On Fri, Mar 16, 2012 at 7:34 AM, Miguel de Benito Delgado <address@hidden>
Am 16.03.2012 06:41 schrieb "Aleksandr Dobkin" <address@hidden>:
> What is nice about git is that you can maintain multiple branches of the project and switch between them very quickly. Had you been using git, think you would have caught this error when you merged your work into the master branch and tried to compile.
Thanks for the idea. So: I could constantly fetch the latest from the main branch, commit locally as much as I wanted, then decide when to push it back to main, right? And that way merging conflicts ought to happen seldom... because merging is a real PITA!
The answer is yes BECAUSE before you push your accumulated changes you would type something like:
# get latest upstream
git fetch origin
# re-wind my changes and re-play them onto the latest master branch from upstream
get rebase origin/master
# push my changes
git push origin
And so a merge is not even required!
When you do the rebase there may be conflicts if the upstream changed, but you just fix up each commit and continue the rebase. It will be as if the fixed-up commit was always that way.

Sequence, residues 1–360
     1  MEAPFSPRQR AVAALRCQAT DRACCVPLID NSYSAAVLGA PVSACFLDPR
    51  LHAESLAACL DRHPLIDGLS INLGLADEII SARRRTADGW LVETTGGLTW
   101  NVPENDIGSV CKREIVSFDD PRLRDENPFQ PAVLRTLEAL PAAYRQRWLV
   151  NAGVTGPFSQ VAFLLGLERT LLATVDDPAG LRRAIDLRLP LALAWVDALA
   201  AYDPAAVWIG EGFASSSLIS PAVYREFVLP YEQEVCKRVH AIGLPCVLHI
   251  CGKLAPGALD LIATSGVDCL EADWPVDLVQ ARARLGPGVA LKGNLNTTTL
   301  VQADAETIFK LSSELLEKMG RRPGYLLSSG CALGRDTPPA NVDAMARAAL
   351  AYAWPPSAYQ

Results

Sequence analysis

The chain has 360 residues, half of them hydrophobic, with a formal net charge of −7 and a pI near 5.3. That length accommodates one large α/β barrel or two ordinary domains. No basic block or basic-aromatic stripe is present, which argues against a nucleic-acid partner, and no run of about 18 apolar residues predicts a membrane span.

It took me a few months to get to grips with git's power and safety, but there is really no going back.
Git doesn't have branches the way you think it does.
Every commit is really a new branch because you can still check out the previous state and make a different commit; or someone else on their computer can make a different commit to the same point you just committed to on your computer (rebasing makes it go away by letting you fetch his changes and re-apply yours on top) or merging is also good.
But the point is, what git shows as a branch is really a labelled tip. When you commit onto a checked out labelled tip, the label is updated to the new commit. But of course only on your computer. (git is distributed).
So for big project work mature changes slowly make their way to the main repo as they get acceptance.
Also with git, branches are not spacial like SVN - they don't look like directories, instead they are like alternate states of the diretory
And git to svn and back work well? Well, I guess I could look that up ;-)
> On Thu, Mar 15, 2012 at 10:55 AM, Miguel de Benito Delgado <address@hidden> wrote:
>> And... yep! it was yourself truly
That would be of course, "yours truly".
Miguel de Benito.
Texmacs-dev mailing list